Chinese copper mine NFCA in Chambishi, Zambia (Photo: Mary Kay Magistad)
The road to Collum Coal Mine is covered in sooty black coal dust. I'm here with Huang Lei, a 25-year-old native of Sichuan, who used to work as an interpreter at this mine. As we drive in, Zambians and Chinese alike shout out greetings to him.
"People still remember me," Huang Lei said. "So it's like coming back home. I know this place too well."
Too well, because when he arrived, in late 2009, workers had just rioted. The Zambians complained their bosses beat them; they said their pay was pathetically low and safety procedures lax. Huang Lei said one of the first things he did when he got here was make sure workers got helmets and boots. He left after a year, he said, because he couldn't stomach the way workers were treated.
Soon after, in October 2010, hundreds of workers protested again, demanding fair pay. Taska Chinko, a coal miner, was in the crowd that gathered outside the gates of the Chinese managers' living quarters.
He said instead of trying to talk with the workers, two Chinese managers grabbed pellet guns, and began firing on the crowd. Chinko ran, but 12 other miners were injured — two critically. Chinko said he still can't believe what happened.
"When we saw the management coming out with guns, we felt so bad," he said. "We're not like animals, where they have to use guns to keep us away."
Once the shots were fired, the workers ran amok. They looted one of the Chinese compounds — exactly what the Chinese managers said they'd been trying to prevent.
Eventually, things calmed down. The injured were compensated, and the Chinese managers arrested. A few months later, however, the case was inexplicably dropped and the managers went back to China. And work at Collum coal mine carried on.
The four Chinese brothers who own the mine have made some changes. They've doubled salaries, though they're still below the international poverty line. They've also hired a Zambian human resources officer named Corry Moono, who works out of a mud brick room in the corner of the compound.
He said his role is to make sure the company follows labor laws, and to protect the interests of the company and the workers. But he added that's not how the company or the workers see him; he's received threats from both.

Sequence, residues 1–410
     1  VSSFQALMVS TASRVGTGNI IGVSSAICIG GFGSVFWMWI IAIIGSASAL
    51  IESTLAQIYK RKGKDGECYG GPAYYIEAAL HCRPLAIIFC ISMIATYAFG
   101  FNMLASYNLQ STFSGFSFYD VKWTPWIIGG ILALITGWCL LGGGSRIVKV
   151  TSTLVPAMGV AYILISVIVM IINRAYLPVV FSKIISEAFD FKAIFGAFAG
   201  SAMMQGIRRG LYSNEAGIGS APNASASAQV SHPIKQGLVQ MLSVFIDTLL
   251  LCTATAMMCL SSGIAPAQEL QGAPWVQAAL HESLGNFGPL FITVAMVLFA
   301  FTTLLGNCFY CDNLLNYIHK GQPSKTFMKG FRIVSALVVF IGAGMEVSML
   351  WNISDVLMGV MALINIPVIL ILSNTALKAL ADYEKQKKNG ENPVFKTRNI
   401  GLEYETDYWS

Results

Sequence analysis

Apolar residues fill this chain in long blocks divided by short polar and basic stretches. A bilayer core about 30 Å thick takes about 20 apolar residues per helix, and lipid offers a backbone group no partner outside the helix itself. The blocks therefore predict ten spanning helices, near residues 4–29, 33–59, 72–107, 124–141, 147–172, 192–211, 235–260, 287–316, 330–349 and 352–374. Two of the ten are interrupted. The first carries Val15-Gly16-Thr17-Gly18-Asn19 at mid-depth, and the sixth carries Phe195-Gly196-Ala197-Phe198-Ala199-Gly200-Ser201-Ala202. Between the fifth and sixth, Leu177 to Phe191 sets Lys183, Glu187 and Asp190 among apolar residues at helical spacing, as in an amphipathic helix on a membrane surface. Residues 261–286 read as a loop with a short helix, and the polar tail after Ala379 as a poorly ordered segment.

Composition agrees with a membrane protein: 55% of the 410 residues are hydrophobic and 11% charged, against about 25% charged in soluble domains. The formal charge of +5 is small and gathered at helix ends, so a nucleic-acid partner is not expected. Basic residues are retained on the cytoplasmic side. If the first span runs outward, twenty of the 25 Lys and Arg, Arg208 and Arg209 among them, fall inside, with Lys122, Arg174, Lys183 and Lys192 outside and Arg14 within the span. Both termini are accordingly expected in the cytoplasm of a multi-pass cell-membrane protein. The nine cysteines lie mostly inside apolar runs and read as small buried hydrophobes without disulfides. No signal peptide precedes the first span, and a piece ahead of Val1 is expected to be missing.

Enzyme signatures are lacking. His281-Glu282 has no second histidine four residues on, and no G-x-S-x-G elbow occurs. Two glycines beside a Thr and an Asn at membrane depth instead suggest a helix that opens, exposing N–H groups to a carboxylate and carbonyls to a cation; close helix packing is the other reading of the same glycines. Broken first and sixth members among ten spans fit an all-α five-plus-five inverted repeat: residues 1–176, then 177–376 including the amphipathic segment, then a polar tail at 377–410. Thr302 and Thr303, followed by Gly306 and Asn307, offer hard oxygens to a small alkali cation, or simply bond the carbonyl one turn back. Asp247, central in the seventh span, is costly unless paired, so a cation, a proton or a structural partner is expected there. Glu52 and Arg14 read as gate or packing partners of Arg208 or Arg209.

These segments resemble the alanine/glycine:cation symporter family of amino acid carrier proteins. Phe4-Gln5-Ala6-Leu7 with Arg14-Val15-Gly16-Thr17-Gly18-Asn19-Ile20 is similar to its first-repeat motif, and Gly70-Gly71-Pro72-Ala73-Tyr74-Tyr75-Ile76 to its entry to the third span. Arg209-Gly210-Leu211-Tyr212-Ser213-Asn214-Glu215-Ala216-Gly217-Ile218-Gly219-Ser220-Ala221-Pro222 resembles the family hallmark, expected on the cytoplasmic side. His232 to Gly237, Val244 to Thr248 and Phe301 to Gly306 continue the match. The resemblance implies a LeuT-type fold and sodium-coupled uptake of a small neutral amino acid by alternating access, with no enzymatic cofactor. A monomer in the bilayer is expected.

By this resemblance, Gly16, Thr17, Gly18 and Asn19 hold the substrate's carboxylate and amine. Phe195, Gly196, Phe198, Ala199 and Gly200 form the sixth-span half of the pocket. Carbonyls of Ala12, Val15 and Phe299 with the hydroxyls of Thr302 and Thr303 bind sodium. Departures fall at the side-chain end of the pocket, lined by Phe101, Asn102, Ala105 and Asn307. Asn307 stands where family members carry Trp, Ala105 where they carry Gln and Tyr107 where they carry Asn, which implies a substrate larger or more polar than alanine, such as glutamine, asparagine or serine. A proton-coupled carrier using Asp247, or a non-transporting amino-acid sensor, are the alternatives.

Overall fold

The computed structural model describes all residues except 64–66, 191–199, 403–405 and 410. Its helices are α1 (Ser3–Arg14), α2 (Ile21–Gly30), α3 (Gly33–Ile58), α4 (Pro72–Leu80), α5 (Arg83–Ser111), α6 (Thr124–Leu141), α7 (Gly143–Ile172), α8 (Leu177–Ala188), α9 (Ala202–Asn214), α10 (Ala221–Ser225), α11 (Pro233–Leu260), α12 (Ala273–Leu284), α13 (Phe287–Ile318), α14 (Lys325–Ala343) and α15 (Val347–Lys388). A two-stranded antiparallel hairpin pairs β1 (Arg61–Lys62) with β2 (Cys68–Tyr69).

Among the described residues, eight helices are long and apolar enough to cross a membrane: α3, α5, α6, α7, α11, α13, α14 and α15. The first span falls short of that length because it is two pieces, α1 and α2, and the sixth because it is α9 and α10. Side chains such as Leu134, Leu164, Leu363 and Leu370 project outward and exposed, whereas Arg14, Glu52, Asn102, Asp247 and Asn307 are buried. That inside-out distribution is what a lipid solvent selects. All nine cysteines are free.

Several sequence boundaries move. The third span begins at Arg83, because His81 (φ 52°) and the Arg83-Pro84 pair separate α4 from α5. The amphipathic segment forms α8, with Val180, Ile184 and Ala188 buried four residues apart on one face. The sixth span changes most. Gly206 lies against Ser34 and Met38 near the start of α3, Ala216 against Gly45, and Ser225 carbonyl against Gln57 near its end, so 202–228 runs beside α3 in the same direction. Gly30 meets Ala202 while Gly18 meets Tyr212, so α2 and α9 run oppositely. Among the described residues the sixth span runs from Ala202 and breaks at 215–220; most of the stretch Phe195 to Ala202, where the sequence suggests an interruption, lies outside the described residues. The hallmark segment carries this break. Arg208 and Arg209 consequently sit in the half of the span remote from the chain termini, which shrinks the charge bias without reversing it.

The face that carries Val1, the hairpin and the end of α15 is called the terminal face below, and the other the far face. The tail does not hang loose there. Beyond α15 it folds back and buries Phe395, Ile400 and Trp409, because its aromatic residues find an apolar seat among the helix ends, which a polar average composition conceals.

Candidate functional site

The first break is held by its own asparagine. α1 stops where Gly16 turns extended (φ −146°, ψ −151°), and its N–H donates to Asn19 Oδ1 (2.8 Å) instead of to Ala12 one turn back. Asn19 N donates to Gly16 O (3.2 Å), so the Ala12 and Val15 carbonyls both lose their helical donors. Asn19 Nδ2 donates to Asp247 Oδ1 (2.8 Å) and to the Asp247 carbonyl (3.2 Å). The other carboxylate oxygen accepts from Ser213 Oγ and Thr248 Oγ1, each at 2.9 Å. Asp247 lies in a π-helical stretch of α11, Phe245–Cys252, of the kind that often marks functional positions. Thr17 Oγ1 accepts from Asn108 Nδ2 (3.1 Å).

"The workers say, 'you're siding with the Chinese.' And the Chinese are saying, 'you are siding with the black guys.'"
But Moono said a little communication and respect go a long way. He said he's helped avert three near-riots since he came here last year.
"I've said, 'Boys, let's work together. Our investors are here to make money, and you're also here to work so you can earn a living.' I tried to talk to them like that and to some extent, they understood. They haven't rioted in the past nine months."
That doesn't mean they're happy.
One of the Chinese staff at the mine told Huang Lei, the former interpreter, that the workers are planning to strike again this week. They're still paid subsistence wages, and they don't get paid at all when the mine doesn't need them.
The miner Taska Chinko said he has other complaints, too. For instance, he gets no paid time off, he had to buy his own helmet, and he's worried about his lungs.
"There's a lot of dust inside the mine, particularly when they blast," he said.
Chinko said if he could, he'd find another job, but there aren't any.
China's Investment in Zambia
Chinese investment has helped create jobs around the country. Hundreds of miles north, in Zambia's Copperbelt, Collum's coal helps fuel Chinese copper smelting. Miners and smelter workers there voice similar gripes to those at Collum.
On payday, after a few swigs of hooch, they voice them loudly.